Entomology, Department of


Date of this Version



Journal of Economic Entomology 56:2 (April 1963), pp. 219–221.

doi: 10.1093/jee/56.2.219


Copyright © 1963 Entomological Society of America; published by Oxford University Press. Used by permission.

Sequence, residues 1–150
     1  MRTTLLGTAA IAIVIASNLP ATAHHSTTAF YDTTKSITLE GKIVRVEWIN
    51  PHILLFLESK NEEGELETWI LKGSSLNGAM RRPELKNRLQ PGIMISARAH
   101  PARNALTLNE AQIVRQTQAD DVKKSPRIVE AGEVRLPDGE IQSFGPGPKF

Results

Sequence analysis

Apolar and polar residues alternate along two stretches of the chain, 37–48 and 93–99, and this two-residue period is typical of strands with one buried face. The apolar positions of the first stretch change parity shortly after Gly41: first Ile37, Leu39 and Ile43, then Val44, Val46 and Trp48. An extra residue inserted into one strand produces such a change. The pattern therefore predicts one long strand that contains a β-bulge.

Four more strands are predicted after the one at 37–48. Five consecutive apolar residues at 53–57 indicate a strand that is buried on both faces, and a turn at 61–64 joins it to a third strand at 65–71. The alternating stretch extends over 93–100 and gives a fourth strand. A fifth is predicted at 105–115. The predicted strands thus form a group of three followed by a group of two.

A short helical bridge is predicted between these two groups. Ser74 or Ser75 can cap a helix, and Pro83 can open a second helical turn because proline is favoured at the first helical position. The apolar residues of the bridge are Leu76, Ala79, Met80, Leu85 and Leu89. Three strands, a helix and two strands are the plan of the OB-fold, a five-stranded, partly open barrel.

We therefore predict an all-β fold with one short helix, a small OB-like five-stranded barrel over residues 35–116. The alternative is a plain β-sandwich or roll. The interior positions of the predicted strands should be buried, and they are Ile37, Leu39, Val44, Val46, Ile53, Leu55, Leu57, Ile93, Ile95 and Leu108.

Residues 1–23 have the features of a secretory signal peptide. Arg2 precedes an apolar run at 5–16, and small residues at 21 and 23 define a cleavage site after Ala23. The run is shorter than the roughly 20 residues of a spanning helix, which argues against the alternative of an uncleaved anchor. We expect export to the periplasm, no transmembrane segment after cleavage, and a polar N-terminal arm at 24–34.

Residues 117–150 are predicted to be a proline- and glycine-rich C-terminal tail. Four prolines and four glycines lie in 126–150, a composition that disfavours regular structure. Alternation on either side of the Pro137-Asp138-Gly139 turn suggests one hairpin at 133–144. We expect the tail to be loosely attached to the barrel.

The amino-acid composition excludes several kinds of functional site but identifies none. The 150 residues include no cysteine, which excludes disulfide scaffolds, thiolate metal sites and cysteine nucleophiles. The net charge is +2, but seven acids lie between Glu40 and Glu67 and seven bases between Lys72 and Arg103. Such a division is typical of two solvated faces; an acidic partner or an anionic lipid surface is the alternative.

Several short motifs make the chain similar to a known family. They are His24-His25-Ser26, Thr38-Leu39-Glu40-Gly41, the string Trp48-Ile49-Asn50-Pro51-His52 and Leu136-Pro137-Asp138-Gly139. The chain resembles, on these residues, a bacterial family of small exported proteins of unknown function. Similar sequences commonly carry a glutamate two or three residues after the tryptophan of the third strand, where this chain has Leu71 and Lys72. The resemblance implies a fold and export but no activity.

Longevity of the army cutworm, Chorizagrotis auxiliaris (Grote), following mating was inversely related to temperature. Females lived longer than males at all temperatures, and food increased longevity of both sexes. Oviposition occurred at 70° and 55° but not at 32° F. None of the variables tested affected total fecundity but oviposition was completed sooner at 70° than at 55°, in sand as an oviposition site vs. paper toweling and by unfed than by fed moths. Starvation preceding oviposition did not affect fecundity but speeded completion of oviposition when moths were returned to favorable conditions.

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